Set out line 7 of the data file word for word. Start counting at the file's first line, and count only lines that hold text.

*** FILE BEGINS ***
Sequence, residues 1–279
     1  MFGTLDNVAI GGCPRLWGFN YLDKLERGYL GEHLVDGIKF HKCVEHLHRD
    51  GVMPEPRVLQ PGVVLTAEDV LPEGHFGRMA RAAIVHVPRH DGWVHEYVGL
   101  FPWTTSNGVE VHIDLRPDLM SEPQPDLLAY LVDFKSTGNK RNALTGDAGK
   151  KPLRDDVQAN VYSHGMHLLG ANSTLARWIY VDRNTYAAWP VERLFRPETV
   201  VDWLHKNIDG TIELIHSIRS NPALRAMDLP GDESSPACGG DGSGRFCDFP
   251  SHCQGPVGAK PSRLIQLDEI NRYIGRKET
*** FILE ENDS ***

   251  SHCQGPVGAK PSRLIQLDEI NRYIGRKET